“Tell me about it,” Inspector Robinson orders, pulling out her notebook.  She takes notes as I babble out the information, trying to make sure to include every scrap, no matter how small.  I tell her about the client of Paris’s, about Jimmy, even about the slimy guy I had to pretend to hit on in order to get information.  By the time I’m through, I’m exhausted.  Inspector Robinson finishes writing before she looks up at me again.  “Is that all?”  Her tone is softer this time, and I wonder at her mood swings.

“Um, I think so.”  I have no intention of revealing that I’m thinking of sending Lyle to the gym tomorrow morning to talk to Billy—I don’t think the good inspector would appreciate the help.

“Anything else?”  Inspector Robinson barks.  I hesitate before telling her about Mr. Jenson.  I don’t want to get him in trouble, but he is a potential subject.  “I’ll stop by at the hospital after I’m through here,” she nods firmly.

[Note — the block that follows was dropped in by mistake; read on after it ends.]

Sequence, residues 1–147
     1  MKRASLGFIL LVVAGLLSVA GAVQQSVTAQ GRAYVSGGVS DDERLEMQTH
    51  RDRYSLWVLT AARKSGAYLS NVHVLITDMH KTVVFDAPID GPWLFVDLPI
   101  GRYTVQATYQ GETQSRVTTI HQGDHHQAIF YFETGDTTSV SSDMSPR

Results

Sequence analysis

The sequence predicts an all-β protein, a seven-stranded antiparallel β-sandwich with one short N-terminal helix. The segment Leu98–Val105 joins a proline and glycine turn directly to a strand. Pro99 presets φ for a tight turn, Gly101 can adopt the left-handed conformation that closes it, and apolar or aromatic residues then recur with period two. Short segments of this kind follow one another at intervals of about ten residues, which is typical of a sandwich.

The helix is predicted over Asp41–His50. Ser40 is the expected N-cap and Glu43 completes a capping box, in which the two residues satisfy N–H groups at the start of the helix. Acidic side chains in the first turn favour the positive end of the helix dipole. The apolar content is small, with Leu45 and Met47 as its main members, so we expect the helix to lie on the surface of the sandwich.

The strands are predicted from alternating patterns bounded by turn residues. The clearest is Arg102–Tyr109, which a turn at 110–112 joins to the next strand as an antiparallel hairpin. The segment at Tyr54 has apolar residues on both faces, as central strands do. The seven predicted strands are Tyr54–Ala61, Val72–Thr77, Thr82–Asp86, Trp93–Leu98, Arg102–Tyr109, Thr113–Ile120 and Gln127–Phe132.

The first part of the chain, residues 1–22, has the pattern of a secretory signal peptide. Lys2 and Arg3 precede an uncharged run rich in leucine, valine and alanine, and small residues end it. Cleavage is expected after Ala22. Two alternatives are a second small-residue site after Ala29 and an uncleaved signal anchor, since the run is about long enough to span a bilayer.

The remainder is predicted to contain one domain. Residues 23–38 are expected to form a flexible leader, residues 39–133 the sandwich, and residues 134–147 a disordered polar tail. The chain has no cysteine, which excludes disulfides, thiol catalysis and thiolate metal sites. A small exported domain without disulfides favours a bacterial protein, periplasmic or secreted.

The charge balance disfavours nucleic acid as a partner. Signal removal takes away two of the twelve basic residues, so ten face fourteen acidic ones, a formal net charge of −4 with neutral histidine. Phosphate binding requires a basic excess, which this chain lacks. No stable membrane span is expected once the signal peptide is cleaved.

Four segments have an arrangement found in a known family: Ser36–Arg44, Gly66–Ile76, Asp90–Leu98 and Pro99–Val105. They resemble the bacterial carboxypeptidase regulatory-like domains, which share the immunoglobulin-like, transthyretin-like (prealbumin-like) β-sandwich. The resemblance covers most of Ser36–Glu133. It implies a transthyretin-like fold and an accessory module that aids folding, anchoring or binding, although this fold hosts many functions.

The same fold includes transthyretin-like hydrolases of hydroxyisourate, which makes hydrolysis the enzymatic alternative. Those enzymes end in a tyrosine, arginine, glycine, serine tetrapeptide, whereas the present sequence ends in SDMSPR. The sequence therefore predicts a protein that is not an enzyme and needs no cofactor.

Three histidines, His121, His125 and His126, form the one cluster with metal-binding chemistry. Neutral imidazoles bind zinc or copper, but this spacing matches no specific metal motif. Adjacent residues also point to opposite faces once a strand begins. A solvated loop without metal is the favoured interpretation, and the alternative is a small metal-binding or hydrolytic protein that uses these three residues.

“Please don’t tell him I ratted on him,” I say desperately.  “The man is scary.  I don’t want him angry at me.”

“I was in the neighborhood, checking on Mr. Frantz.  What a coincidence.  Nice to meet you, Mr. Jenson.”  The inspector favors me with a rare smile which takes my breath away.  She is so damn lovely when she smiles, I nearly forget that I’m dating Vashti.  I rein in my thoughts before they can traipse into treacherous territory.  I lean forward imperceptibly, and it seems as if she does, too.

“Excuse me, but I’d like to know what’s going on with the case if it’s not too impolite to ask,” Lyle butts in, a smirk on his face.  He is standing behind the inspector so she can’t see the expression on his face, but I can.